Even if there are third-party candidates who hold different political views and who use the two parties’ political platforms to obtain the most voter support, this cannot guarantee they can become the presidential candidate for either party because both parties still have a trick up their sleeves.
At the Democratic Party convention, if the political candidate with the most votes has not obtained 1,237 votes, establishment Democrats will be allowed to choose their own candidate.* The Democratic Party has a superdelegate system, which is a group of unpledged delegates who come from several categories of prominent Democratic Party members, including the current and former vice presidents, as well as Democratic governors, members of the Democratic National Committee, and Democratic members of Congress. Hillary Clinton has a firm grasp on 486 votes of the 717 total superdelegates, and Sanders only has 38. Even if Sanders wins all of the remaining states, the superdelegates could still overturn the democratically elected candidate, casting their votes for the establishment representative, Clinton. The superdelegate system was put in place to give establishment Democrats greater rights to defeat outside challengers.
Following the deepening wealth disparity in the U.S., the impact of the financial crisis, and the quagmire of the war against terror, the longstanding two-party system in the United States may already be unable to represent the political positions of the entire electorate. Given this current trend of political participation among new voters and fringe groups, new political views are a near certainty. The long-term stability of the two-party system is facing pressures and challenges to re-integrate. For example, many years ago, the Republican Party’s practices took the middle road, but now, voters who want “internally conservative, externally isolated” policy tending toward authoritarianism have for a long time been ignored and marginalized. This is, in part, the origin of angry, white, middle-class Americans. But Trump’s views reflect the longstanding oppression of this portion of the American people; his views reflect the fact that political views cannot win the support of voters that the establishment has been paying attention to.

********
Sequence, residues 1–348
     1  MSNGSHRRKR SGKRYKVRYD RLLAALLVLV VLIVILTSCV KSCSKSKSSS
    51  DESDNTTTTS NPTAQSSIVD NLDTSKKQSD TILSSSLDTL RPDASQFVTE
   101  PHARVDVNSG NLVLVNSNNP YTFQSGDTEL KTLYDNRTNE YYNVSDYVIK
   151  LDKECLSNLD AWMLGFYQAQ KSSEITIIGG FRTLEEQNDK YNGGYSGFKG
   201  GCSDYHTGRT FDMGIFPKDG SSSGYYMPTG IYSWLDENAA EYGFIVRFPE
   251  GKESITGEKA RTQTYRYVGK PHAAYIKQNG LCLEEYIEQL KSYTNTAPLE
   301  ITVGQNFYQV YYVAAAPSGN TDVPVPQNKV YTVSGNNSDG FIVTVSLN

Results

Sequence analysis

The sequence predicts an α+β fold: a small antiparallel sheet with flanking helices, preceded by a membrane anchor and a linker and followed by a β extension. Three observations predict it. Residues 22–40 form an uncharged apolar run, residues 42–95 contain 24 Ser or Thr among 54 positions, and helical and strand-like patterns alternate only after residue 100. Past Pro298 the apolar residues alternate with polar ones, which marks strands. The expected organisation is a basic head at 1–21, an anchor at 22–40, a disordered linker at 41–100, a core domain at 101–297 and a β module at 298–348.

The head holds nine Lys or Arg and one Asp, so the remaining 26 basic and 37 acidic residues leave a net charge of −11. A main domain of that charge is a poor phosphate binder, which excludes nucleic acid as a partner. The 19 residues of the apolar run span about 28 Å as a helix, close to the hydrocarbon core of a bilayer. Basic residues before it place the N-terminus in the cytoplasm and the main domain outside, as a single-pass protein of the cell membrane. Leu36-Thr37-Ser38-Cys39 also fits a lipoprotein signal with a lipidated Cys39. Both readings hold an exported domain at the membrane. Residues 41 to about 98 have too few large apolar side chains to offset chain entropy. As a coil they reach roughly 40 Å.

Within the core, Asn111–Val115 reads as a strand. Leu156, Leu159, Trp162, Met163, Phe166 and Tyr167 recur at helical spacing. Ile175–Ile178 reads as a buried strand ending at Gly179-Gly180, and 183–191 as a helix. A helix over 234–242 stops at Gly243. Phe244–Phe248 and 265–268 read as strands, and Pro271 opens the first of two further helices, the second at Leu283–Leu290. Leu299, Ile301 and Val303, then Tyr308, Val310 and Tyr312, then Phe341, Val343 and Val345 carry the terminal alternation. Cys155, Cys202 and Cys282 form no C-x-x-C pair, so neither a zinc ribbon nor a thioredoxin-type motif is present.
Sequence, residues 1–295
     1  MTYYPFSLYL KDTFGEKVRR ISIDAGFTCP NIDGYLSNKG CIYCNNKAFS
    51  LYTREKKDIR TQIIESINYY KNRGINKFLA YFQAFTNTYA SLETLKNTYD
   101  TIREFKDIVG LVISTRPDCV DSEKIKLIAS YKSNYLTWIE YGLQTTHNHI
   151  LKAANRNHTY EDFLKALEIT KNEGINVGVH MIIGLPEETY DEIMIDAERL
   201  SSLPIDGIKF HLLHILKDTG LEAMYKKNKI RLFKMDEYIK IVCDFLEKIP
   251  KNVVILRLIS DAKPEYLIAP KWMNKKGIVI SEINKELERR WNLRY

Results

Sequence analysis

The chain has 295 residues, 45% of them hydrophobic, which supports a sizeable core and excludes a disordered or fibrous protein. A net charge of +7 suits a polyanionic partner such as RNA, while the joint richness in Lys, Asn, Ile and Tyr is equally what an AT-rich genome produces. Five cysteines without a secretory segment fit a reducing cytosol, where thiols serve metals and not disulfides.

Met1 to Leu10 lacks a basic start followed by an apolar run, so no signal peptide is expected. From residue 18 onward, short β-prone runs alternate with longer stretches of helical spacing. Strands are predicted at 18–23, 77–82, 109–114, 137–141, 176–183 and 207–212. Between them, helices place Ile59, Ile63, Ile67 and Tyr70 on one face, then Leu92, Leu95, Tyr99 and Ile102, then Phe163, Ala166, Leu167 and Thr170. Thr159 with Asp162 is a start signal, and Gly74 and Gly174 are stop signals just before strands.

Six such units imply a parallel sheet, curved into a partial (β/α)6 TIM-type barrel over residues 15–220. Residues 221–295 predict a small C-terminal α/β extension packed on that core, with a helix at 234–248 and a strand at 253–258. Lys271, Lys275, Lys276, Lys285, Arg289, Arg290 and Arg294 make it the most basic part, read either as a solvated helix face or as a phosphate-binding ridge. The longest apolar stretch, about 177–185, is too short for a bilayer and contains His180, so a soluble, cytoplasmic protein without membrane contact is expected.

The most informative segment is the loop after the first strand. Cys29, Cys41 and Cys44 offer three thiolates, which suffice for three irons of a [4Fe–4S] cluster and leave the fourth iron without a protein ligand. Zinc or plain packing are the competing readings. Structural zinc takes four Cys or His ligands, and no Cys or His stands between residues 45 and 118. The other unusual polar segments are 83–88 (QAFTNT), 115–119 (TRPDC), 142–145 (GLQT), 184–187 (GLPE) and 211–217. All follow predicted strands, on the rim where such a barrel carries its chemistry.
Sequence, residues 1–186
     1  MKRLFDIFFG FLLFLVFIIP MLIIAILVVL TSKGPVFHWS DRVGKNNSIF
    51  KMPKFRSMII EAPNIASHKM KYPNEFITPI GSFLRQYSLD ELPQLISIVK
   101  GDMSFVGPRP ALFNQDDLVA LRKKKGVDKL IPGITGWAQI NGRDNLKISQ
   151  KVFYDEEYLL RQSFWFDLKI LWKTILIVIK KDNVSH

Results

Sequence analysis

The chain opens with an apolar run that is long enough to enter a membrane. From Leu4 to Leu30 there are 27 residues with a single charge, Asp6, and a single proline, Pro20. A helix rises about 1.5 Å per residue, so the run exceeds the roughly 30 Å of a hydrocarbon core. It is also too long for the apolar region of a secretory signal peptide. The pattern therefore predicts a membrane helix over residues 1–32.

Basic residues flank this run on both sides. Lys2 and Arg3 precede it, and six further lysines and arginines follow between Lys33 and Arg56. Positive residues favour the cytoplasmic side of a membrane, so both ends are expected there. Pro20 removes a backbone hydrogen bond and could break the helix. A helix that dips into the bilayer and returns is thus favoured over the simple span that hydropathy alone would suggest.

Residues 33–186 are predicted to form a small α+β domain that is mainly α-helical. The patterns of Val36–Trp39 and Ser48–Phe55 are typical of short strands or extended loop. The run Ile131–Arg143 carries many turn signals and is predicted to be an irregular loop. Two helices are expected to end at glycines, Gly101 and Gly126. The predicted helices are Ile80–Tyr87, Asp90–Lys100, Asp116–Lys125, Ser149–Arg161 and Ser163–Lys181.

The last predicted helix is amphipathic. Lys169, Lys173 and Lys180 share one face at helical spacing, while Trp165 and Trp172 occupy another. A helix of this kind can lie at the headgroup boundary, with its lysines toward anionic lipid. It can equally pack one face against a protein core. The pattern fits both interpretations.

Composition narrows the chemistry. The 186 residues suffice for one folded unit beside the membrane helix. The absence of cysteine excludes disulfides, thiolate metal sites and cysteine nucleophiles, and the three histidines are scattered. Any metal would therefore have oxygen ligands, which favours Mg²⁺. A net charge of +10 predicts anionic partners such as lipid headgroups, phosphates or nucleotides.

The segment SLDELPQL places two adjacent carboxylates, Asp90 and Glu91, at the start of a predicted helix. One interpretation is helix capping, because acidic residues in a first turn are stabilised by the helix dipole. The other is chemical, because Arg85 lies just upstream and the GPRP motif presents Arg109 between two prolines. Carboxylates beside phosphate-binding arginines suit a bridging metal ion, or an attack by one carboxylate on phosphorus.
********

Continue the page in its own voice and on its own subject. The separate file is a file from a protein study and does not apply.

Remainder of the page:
In this election, Trump and Sanders have attracted many new voters. Taking the New York primary as an example, the two parties stipulated that voters must first register before they have the right to participate in the election. During the 10-day open election registration period in March, 41,000 voters submitted online voter applications and, of those, more than half had never participated in elections. But a large part of these new voters are Trump and Sanders supporters.
Looking at the current situation, the parties’ establishments have no way to back down. They will have a hard time balancing the differences between party insiders and party establishment with a portion of the voters. Regardless of whether or not Trump and Sanders receive their party’s nomination, this is a challenge to the U.S. two-party system. Trump and Sanders have both attracted the attention of many young people, which on a certain level is a prediction of the political direction of the United States in the next 20 or 30 years. Even if new political needs are not working in concert with each other, there will be additional political parties that can represent other interest groups and values and challenge the two-party system with a kind of “political revolution.”
*Editor’s note: This number of delegates applies to the Republican Party. In the Democratic Party, 2,383 delegates are needed for nomination.
The author is an employee of an international agency in the United States.